Before Sage Northcutt found himself winning UFC fights as a teenager, he was a youth karate prodigy, winning tournaments all over the world.
So it’s only fitting that the next chapter of the Houston native’s career will find him traveling the planet in search of championships in several martial arts disciplines.
The 22-year old recently ended his free agency by leaving the UFC and joining Asia’s largest promotion, ONE Championship.
And the fact ONE stages competitions in MMA, Muay Thai, and kickboxing played a factor in his decision to sign, as Northcutt says he wants to become a world champion in all three.
“What I think is cool is, they have, not only do they have MMA, but they also have Muay Thai and they have kickboxing,” Northcutt said on Monday’s edition of The MMA Hour with Luke Thomas. “So, I want to be the champion in MMA, I want to be the champion in Muay Thai and kickboxing. I want to do it all. And I think that ONE Championship is going to be really cool because I believe that I’m going to display my different skills in each of those and I believe be the champ in each of those. I think it’s the perfect league.”
Northcutt, whose three-year UFC journey culminated in a second-round knockout of Zak Ottow at UFC Boise in July, figured to have plenty of suitors as a young and marketable fighter who is only beginning to tap into his potential. This was confirmed by Northcutt needing little time beyond the UFC’s 90-day exclusivity window before signing with the Singapore-based company.
“I was always keeping the options open to see which direction I take,” Northcutt said. “But I knew when I was going to have the Zak Ottow fight there was going to be a 90-day period. I wasn’t sure if the UFC was going to make me wait all 90 days to get back with me about re-signing or if they were going to come in to offer and match what some other league was offering.”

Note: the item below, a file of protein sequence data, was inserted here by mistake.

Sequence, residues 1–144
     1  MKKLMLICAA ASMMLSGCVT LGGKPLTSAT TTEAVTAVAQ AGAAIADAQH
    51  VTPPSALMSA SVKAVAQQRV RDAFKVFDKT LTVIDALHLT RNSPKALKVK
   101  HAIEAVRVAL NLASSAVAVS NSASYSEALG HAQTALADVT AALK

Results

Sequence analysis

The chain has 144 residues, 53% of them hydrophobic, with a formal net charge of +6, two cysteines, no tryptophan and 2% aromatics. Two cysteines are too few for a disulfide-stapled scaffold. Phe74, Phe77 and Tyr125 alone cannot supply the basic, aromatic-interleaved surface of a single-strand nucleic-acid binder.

A trip to Singapore to see ONE in person helped cement Northcutt’s opinion.
“It was super cool,” Northcutt said. “There have been a lot of people who have said that actually haven’t seen their events, they were saying, ‘hey Sage, I don’t know if you want to go to ONE because, they may not as big as the UFC is’. But, over there at ONE Championship, they had over 35 million viewers watching the fights ... it’s definitely huge and I thought it was really cool how, when you walked out they had fireworks shooting out through the arena and then when the people that had the title won the ONE championship or defended their title, they had gold confetti everywhere. It was really cool.”
Northcutt’s sunny optimism stands out in the oft-rancorous MMA world, but even he noted the UFC seemed to be putting him on ice a little bit as he headed toward the final fight of his contract, which ultimately ended up being the win over Ottow. On several occasions, as Northcutt and the UFC negotiated, potential bouts fell through or were pushed back.
“Before the fight, actually, the UFC had put me off a little bit,” Northcutt said. “I had scheduled a fight and they had tried to re-sign me, I guess, and we were negotiating with them and they said we’re going to move you to this card, and then the next card, and then it got moved to the next card to another card and then I finally got to fight, so the time frame kept being put off and put off and put off.”
But you’re not going to get Northcutt to badmouth his UFC experience. In the time between his memorable UFC debut in a 57-second knockout of Francisco Trevino in Houston at UFC 192 to the knockout of Ottow, “Super” Sage went through his college years in a very public display.
Along the way, he got shade from fellow fighters for getting opportunities ahead of others, had some high-profile stumbles in the cage, and then went to Team Alpha Male and beginning to mature as a competitors. Along the way, he went 5-0 at 155 pounds.
“I think my favorite moments would be two moments,” Northcutt said. “Coming into the UFC, being the youngest fighter ever to come into the UFC, and winning the most fights being undefeated 5-0 at lightweight in the UFC, and my last fight, going out with a knockout and showing how much I’ve improved since my first fight in the UFC against Zak Ottow.”
Those experiences will serve him well as he heads to ONE, where he’s expected to make a February or March debut, and attempts his ambitious goal of becoming a three-sport champion.